Minister for Superannuation Jane Hume has conceded the Coalition’s recently announced first home buyer policy would increase house prices “temporarily”.
The campaign promise to allow first home buyers to dip into their super to help pay for a home deposit has been criticised by economists and the opposition as a policy that would only drive up house prices further.
Under the plan, people who have saved a 5 per cent deposit will be able to access up to 40 per cent of their superannuation, capped at $50,000, but must return the amount taken out, plus capital gains, if they sell the house.
“We know that people will probably bring forward some of their decisions to buy a house earlier and for that reason it will probably push prices temporarily,” Senator Hume said.
When asked how much prices would rise, Senator Hume said there were always a number of factors that drove price increases.
“What we know that interest rates play a big effect, housing supply plays an enormous effect, that’s why it’s important to play all ends,” she said.
Mr Morrison said any impact on house prices would be cancelled out by the Coalition’s other policy pitch to encourage older Australians to downsize.
“The balance of policies we have … means we’re freeing up housing stock with our downsizing policy,” he said.
“We think [this] minimises any potential impact on house prices.”
Super scheme tossed around before
The policy of allowing people to access their super has been tossed around for years without much luck.
It was floated back in 2017 when Scott Morrison was treasurer and dismissed by then-prime minister Malcolm Turnbull, who in 2021 called it “the craziest idea I’ve heard”.
Economist Saul Eslake said the Coalition scheme would do nothing to address the root causes of housing affordability.
“My initial reaction was that I wanted to scream that this reckless inflation of house prices must stop,” he said.
“Anything which allows Australians to pay more for housing than they otherwise would, which this scheme undoubtedly does, results primarily in more expensive housing, rather than in more people owning that housing.”
“It will be greeted with despair by those would be first home buyers who will see it rightly as pushing their dreams further out of their reach than they already are.”
Lowest earners may miss out
Brendan Coates from the Grattan institute agreed that while the scheme would increase house prices in the short term, the long-term impact would be modest.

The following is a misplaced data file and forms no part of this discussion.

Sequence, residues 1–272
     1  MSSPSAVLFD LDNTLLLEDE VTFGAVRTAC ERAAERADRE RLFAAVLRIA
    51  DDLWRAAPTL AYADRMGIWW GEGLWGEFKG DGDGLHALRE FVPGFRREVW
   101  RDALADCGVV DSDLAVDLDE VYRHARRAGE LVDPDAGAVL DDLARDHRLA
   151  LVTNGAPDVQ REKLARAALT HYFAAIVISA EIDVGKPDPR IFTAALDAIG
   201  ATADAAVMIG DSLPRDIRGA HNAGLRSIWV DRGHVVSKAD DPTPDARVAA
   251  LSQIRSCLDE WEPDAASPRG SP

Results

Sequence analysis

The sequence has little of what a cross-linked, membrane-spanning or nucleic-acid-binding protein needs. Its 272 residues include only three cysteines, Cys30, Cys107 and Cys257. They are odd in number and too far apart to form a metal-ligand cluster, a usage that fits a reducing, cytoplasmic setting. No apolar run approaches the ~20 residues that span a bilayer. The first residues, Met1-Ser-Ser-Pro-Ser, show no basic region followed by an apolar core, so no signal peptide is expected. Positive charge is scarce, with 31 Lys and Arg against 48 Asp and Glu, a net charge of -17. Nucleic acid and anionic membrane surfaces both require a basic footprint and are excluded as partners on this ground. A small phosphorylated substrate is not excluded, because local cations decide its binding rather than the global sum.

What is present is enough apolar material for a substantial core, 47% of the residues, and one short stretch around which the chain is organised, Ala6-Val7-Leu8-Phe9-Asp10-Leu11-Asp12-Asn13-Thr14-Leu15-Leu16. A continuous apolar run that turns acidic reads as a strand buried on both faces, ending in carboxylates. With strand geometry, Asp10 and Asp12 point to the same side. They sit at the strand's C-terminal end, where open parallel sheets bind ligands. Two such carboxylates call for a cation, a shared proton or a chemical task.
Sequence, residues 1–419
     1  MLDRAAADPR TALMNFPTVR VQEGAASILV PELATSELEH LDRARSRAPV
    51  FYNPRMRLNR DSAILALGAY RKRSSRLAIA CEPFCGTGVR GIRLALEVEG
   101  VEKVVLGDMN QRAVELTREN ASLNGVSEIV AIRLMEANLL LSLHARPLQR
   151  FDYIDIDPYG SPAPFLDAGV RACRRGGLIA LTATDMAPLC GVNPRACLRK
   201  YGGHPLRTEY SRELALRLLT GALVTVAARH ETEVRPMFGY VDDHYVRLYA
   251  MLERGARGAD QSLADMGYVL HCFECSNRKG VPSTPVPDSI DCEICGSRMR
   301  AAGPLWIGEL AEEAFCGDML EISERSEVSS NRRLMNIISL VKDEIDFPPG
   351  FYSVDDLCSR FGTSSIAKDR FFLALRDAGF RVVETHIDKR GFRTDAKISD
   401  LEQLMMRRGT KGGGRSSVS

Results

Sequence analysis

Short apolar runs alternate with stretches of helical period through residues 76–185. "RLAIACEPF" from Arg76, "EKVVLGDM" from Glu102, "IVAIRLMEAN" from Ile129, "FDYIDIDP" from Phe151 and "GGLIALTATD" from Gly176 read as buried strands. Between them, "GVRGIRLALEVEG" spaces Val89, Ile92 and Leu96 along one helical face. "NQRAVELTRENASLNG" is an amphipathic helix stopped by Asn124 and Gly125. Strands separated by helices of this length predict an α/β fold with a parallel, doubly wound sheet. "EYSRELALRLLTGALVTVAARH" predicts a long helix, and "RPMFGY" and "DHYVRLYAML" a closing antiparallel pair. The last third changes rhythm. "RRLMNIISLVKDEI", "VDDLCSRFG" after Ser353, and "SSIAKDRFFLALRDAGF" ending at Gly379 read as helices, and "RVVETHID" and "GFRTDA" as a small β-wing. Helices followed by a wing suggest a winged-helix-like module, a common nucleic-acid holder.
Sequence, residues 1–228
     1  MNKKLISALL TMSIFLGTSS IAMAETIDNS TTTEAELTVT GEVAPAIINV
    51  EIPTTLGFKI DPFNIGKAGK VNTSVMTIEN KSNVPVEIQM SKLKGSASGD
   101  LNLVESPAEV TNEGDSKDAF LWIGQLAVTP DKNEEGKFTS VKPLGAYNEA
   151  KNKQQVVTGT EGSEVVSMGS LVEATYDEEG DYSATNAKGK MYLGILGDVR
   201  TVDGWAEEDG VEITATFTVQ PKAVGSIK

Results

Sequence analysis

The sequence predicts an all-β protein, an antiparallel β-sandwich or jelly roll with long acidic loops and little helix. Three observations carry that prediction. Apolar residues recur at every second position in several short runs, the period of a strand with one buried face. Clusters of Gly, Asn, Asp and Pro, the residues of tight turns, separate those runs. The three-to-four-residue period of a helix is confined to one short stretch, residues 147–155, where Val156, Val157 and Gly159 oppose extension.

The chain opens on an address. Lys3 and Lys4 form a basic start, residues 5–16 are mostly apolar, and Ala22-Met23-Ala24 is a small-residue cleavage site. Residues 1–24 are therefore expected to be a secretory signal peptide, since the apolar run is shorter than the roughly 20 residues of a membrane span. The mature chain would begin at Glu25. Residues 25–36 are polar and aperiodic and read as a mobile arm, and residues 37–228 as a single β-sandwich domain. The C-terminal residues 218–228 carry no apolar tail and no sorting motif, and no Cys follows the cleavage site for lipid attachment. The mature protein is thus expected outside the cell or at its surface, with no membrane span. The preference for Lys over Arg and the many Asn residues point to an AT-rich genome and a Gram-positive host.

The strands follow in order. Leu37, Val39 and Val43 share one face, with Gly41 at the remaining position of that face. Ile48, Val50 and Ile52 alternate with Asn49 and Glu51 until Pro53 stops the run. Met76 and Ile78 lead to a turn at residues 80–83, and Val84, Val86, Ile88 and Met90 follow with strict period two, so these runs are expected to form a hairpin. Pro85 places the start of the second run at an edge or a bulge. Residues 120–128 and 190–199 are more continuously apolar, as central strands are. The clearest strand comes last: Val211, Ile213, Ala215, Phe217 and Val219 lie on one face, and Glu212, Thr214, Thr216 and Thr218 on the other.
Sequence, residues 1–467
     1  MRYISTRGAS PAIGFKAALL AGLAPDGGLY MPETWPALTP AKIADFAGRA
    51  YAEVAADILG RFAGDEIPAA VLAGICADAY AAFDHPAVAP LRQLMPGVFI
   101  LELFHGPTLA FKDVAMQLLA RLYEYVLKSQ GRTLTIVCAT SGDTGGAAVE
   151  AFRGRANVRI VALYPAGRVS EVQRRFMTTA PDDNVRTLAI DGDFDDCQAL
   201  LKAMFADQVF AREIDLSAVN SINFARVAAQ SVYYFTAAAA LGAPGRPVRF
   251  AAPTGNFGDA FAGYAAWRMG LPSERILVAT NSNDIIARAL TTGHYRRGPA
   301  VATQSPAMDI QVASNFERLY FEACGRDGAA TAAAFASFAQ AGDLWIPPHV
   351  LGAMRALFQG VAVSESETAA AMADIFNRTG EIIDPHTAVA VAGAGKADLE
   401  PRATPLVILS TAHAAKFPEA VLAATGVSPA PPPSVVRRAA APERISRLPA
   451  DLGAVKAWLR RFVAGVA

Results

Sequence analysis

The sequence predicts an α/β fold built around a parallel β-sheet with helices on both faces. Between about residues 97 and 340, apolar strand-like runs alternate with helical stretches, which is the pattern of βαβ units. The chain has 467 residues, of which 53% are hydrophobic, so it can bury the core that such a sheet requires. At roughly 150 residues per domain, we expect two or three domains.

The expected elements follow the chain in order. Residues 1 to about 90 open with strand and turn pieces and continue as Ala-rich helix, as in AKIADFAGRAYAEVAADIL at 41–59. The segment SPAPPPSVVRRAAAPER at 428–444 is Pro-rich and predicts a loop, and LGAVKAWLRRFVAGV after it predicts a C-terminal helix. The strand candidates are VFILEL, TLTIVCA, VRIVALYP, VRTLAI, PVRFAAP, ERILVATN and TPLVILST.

But he said it would only help people who were already likely to buy a house to spend more.
“Because what you have in super is proportionate to the income that you earn,” Mr Coates said.
“A lot of low-income earners, people for whom getting into the housing market is a struggle, this scheme may not benefit a lot of them all that much, because they don’t actually accumulate that much super.”
Mr Coates said the poorest 20 per cent of 35- to 44-year-olds had a median super balance of zero, and for the next 20 per cent the balance was $15,000.
“The main effect of the policy would probably be to allow people on reasonable incomes that are already good chance to buy a home, to buy a better home, and probably push up prices a little bit in the process.”
But Mr Sukkar said the average 30-34-year-old would be able to take out about $20,000.
“We think this will be really popular for those people on those more modest incomes who find it increasingly difficult to save for a deposit as well as paying rent and all the other costs of living that that people have to meet every day,” he said.
“Of course, you need to have a superannuation balance to access it, that’s the point. It’s allowing people to access their money.
Parties ‘tinkering around the edges’
Mr Coates said neither of the major parties were addressing housing affordability in this election.
“I think another sign of our diminished ambitions on housing affordability [can be seen] in this election campaign,” he said.
“What we’ve seen from both parties is policies that tinker around the edges, will help some people into home ownership, but we’re not willing to tackle the underlying drivers of why housing is so unaffordable in the first place.
“We’re not willing to do things that would unsettle existing home owners by seeing prices and rents fall.”
Mr Eslake was also cynical in his analysis of the housing policy offers during this election campaign.
“There are far more votes to be had in policies that keep house prices going up, as this policy will do, than there are in policies which would restrain the rate of growth in house prices,” he said.
The real estate, housing and building industries, including Real Estate Institute of Australia president Hayden Groves, have welcomed the Coalition’s policy.
“The tension between superannuation and housing need not be there, as the government’s own Retirement Income Review shows that home ownership is a fundamental pillar for a successful retirement,” Mr Groves said.
“The Super Home Buyer Scheme strikes the right balance of addressing affordability and building retirement savings with a requirement for the super plus capital gains to be returned on the sale of the home.”
But Glen McCrea, deputy CEO of the peak body for superannuation, Association of Super Funds Australia, criticised the idea.
“This isn’t a policy that is going to solve housing affordability,” Mr McCrea said.
“The reality here is super is about providing income in retirement. Tackling housing affordability is a different policy issue.
“There have been numerous reviews into super in the last decade. None of them have recommended this policy. In fact, many of them have described it as being a bad idea.”
“The super system is designed to provide income in retirement. It isn’t designed as a scheme to break glass and take it out for other purposes.”